My brother and sister-in-law recently spent some time in Gettysburg exploring the historic battlefield. We were talking about their experience last night at dinner with my wife and son. We talked about how it is difficult to imagine that Americans turned on one another in a civil war; that neighbors fought neighbors, brothers were against brothers and the deep emotional, physical, and spiritual toll that war exacted on the country, the effects still lingering after 150 years.
The death toll of Americans in the US Civil War is estimated at approximately 700,000. We asked ourselves if there wasn’t some way to have avoided that, to have worked it out. Then the conversation turned to the hostile environment of today.
The rhetoric today is visceral.
The radical left is relentless in trying to undermine and render ineffective a duly elected president. They are using foul and vulgar language, hiding behind “art” to depict beheading and assassination of the president. They are using words that fan the flames of hate, painting the image that if anyone disagrees with their dark view of the world that those people are hate mongers, racists, bigots, and worse.
They have driven the narrative of the nation to an extreme level. The news media is part and parcel to amplifying the message of hate and rebellion. The politicians are pointing fingers and elevating accusations. The comedians and entertainers are joining the chorus with their star power.
Then we have a guy from the most gun-controlled state—Illinois, who hops in a van to another most gun-controlled area in Washington, DC, who somehow buys a semi-automatic weapon and manages to find an obscure baseball field where Republican Congressmen are practicing, and opens fire on them.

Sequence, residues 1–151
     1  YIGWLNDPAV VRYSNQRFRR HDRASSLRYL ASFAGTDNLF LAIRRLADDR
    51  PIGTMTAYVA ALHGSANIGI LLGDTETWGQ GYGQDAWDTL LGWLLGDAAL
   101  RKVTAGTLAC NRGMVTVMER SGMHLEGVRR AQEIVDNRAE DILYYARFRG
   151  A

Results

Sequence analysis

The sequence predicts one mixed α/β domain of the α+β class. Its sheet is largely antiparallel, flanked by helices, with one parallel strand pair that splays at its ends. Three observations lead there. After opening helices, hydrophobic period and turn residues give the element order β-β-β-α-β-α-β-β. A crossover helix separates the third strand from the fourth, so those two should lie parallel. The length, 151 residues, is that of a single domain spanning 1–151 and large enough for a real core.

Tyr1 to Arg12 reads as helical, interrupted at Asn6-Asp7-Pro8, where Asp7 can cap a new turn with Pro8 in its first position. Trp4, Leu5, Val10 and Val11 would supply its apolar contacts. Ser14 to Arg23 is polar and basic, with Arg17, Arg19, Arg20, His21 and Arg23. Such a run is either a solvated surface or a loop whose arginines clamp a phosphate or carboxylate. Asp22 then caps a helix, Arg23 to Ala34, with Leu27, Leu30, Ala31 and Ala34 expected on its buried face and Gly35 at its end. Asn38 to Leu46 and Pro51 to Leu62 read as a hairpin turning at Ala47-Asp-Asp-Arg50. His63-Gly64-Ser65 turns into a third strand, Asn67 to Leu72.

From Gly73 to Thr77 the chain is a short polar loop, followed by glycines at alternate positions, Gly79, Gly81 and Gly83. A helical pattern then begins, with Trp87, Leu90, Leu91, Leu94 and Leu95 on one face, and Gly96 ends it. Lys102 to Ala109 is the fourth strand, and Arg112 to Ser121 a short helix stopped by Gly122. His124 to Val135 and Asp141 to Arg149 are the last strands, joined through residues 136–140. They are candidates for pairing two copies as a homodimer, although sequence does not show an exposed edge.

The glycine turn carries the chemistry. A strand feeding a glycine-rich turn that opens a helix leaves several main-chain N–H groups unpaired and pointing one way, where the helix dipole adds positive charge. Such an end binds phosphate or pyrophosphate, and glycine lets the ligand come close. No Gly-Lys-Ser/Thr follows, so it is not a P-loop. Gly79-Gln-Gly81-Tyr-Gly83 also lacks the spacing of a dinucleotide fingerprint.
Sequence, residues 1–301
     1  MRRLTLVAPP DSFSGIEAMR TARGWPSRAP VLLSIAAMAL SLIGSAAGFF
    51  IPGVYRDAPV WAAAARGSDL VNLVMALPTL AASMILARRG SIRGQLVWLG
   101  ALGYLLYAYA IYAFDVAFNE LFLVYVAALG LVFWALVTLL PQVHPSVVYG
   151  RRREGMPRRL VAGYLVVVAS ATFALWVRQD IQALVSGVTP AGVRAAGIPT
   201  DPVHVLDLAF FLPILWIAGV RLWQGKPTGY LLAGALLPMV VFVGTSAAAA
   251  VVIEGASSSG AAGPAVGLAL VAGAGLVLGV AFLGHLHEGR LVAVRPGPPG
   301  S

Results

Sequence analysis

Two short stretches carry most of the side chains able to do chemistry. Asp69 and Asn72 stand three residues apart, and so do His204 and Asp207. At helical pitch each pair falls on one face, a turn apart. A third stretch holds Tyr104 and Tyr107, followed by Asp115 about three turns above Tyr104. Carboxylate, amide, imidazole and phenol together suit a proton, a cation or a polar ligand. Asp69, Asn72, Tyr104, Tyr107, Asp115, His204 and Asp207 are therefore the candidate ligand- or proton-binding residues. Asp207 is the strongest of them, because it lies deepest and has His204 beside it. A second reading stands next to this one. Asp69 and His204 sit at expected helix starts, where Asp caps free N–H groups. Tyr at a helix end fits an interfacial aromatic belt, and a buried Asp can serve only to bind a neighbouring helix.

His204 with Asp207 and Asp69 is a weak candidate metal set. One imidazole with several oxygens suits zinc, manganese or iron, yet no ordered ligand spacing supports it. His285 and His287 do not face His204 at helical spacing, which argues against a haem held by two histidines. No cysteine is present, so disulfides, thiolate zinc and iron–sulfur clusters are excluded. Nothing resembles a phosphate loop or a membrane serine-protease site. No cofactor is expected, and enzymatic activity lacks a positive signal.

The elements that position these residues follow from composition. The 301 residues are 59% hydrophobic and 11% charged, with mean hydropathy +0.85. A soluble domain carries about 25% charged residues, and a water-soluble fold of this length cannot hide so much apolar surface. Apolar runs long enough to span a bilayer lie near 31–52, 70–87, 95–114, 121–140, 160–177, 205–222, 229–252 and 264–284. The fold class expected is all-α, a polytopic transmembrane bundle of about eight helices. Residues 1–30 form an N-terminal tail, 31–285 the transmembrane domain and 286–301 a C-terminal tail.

Come to find out, he had a hit list of conservatives to kill. The question that remains is this: Did he act alone or is he part of a larger movement? Certainly, with all the rhetoric that has hatefully hit the news media since the shooting, it begs the question of what is really going on in this country.
Many experienced with observing government overthrows believe we are witnessing a coup in the making.
Many others believe we are on the verge of another civil war. The violence associated with the leftist groups against those who rally in support of the president is their confirmation. Folks, we do not need Americans killing Americans as what happened in the 1860s. We do not need to become a third world nation with communists and anarchists trying to overthrow our form of government. We need to pray for peace. We need to stand for righteousness and accountability.
Jesus said in Matthew 5:9, “Blessed are the peacemakers: for they shall be called the children of God.”
We need peacemakers to speak into this charged atmosphere. Let’s use our conversations to calm down the rhetoric.
Have a blessed and powerful day!